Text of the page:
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Consider the Fibonacci sequence $\text{fibo}(n)$ and the fractions

$$ A(n) = \frac{\text{fibo}\left(n^2\right)}{\text{fibo}(n)^2} = \frac{b(n)}{c(n)},$$

where the fractions $\frac{b(n)}{c(n)}$ are in reduced form.

Now, it appears that for all $n > 4$:

  1. If $c(n) = 1$, then $b(n)$ is of the form $2^q p$ where $p$ is a prime.

  2. If $c(n) > 1$, then either $c(n) $ or $b(n)$ is of the form $2^q p$ where $p$ is a prime.

So this formula generates a prime for every $n$.

A weaker conjecture is that this holds for the cases when $n$ is a prime.

Are these conjectures true? How can we prove them?

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    $\begingroup$ For $n=6$, $c(n)=4$, $b(n)=3^3\times17\times19\times107$. If I understood correctly, this should be a counterexample to your stronger conjecture. $\endgroup$
    – ViHdzP
    Jan 5, 2020 at 21:23
  • $\begingroup$ Yes but C is a multiple of 4 @ URL $\endgroup$
    – mick
    Jan 5, 2020 at 21:24
  • $\begingroup$ Also 6 is not a prime !! @ URL $\endgroup$
    – mick
    Jan 5, 2020 at 21:25
  • $\begingroup$ note that we have the explicit formula for the $n$-th Fibonacci number $$F_n=\frac{\phi^n-(-1)^n\phi^{-n}}{\sqrt5},$$ where $\phi=\frac{1+\sqrt5}{2}$. This may help $\endgroup$
    – clathratus
    Jan 5, 2020 at 21:31
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    $\begingroup$ @mick : The Question has "every $n$" and "$n > 4$", not "every prime $n$", so the Question as written is required to work for $n = 6$. $\endgroup$ Jan 5, 2020 at 21:31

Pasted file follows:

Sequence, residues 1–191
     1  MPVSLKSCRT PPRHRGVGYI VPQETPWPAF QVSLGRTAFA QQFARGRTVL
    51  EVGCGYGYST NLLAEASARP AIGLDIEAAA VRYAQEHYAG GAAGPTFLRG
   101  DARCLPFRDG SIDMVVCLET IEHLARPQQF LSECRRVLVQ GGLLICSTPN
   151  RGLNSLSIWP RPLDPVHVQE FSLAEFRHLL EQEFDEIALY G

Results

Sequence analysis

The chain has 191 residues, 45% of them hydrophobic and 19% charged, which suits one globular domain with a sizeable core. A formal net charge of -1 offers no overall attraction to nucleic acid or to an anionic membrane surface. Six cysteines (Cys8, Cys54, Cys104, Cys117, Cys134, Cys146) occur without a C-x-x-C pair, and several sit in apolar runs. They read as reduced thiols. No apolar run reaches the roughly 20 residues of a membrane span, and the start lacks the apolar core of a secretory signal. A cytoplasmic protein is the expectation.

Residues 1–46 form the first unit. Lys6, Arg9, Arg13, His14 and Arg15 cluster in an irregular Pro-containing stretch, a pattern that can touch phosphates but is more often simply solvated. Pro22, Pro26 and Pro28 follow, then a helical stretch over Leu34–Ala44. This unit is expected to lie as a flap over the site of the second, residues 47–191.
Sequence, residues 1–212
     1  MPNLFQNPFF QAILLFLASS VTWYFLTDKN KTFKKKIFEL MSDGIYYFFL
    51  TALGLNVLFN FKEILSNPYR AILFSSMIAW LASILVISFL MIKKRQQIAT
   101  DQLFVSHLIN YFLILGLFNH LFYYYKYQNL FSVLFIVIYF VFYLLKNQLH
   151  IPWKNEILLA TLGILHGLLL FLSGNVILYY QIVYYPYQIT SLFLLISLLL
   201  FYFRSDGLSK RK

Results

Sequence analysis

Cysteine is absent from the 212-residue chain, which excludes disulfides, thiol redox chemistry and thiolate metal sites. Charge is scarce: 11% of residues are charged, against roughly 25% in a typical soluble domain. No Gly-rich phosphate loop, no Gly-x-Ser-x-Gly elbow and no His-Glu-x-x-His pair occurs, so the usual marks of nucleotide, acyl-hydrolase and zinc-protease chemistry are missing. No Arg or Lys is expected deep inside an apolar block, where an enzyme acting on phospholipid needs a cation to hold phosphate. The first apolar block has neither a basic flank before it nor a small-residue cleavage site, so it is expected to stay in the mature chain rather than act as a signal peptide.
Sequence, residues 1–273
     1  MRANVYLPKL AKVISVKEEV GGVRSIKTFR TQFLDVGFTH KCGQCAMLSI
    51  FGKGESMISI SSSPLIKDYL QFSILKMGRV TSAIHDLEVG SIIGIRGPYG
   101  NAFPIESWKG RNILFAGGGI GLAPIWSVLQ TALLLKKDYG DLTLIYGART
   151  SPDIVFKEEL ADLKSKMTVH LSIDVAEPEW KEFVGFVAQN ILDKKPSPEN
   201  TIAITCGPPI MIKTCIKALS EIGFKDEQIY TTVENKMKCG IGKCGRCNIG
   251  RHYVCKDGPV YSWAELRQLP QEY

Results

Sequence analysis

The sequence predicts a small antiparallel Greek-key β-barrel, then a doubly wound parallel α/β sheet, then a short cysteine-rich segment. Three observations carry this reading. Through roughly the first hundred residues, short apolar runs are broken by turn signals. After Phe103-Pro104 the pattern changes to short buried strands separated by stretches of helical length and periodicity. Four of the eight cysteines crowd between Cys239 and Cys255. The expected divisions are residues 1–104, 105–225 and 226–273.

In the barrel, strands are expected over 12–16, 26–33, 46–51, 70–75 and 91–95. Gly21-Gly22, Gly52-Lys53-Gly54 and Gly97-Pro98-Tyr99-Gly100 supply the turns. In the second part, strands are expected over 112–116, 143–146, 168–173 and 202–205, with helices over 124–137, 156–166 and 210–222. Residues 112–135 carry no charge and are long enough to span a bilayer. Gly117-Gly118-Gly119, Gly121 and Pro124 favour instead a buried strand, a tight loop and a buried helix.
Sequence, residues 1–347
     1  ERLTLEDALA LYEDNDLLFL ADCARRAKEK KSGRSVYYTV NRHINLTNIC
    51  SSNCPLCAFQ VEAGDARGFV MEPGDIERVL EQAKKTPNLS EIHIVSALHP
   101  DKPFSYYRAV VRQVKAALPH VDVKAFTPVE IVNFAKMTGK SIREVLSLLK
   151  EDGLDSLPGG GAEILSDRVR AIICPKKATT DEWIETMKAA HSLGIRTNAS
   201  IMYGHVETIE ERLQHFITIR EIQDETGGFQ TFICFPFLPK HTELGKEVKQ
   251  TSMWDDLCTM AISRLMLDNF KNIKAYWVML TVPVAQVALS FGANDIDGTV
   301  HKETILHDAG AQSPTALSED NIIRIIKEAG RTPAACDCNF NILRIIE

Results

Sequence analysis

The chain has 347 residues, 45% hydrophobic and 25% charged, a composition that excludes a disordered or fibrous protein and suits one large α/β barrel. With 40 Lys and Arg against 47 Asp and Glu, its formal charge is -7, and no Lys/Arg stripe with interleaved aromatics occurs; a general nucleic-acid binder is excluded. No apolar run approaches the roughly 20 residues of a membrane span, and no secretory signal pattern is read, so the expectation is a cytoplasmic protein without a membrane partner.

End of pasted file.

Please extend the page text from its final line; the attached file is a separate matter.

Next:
1 Answer 1

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For $n=19$, a prime, we have $$\frac{F_{n^2}}{\left(F_n\right)^2}=\frac{297695973435970582594631907579321477163892921001085193295076858332955181}{4181}.$$

The numerator and denominator are odd, the former is divisible by $6567762529$, and the latter is divisible by $37$. So, both of your conjectures are false.

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    $\begingroup$ Props to Wolfram|Alpha for helping me find this. $\endgroup$
    – ViHdzP
    Jan 5, 2020 at 21:29
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    $\begingroup$ Hmm thank you. It is weird how often this works though. For n = 23 and n = 29 it holds again. Perhaps you can modify the conjecture ? Maybe it fails miserably for very large n ... I will test some more numbers. Thank you. $\endgroup$
    – mick
    Jan 5, 2020 at 21:36
  • $\begingroup$ I don't believe we should expect any pattern of primes to pop up here. And "most" large numbers are not prime. So, I conjecture that in fact, this fails for infinitely many $n$. $\endgroup$
    – ViHdzP
    Jan 5, 2020 at 21:37
  • $\begingroup$ It fails for 103 too. There we have 3 prime factors. Not many factors though $\endgroup$
    – mick
    Jan 5, 2020 at 21:45
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    $\begingroup$ @mick I think this is less weird than you might think; $F_n\mid F_{n^2}$, which immediately shrinks the size of the numbers involved. When you start talking about restricting to prime $n$, you eliminate several other possible factors from either side, because 'most' small factors can't divide $F_{kp}$ for any $k$. $\endgroup$ Jan 5, 2020 at 21:53

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